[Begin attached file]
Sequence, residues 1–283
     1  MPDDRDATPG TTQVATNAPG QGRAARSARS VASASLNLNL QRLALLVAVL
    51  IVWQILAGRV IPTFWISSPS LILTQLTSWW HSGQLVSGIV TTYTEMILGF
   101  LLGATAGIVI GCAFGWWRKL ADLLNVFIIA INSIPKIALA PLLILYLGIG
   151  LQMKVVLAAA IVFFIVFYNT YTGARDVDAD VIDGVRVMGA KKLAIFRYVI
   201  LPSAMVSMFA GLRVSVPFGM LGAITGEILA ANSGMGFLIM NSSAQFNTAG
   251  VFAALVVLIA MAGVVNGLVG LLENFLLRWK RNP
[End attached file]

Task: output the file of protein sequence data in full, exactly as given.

Sequence, residues 1–283
     1  MPDDRDATPG TTQVATNAPG QGRAARSARS VASASLNLNL QRLALLVAVL
    51  IVWQILAGRV IPTFWISSPS LILTQLTSWW HSGQLVSGIV TTYTEMILGF
   101  LLGATAGIVI GCAFGWWRKL ADLLNVFIIA INSIPKIALA PLLILYLGIG
   151  LQMKVVLAAA IVFFIVFYNT YTGARDVDAD VIDGVRVMGA KKLAIFRYVI
   201  LPSAMVSMFA GLRVSVPFGM LGAITGEILA ANSGMGFLIM NSSAQFNTAG
   251  VFAALVVLIA MAGVVNGLVG LLENFLLRWK RNP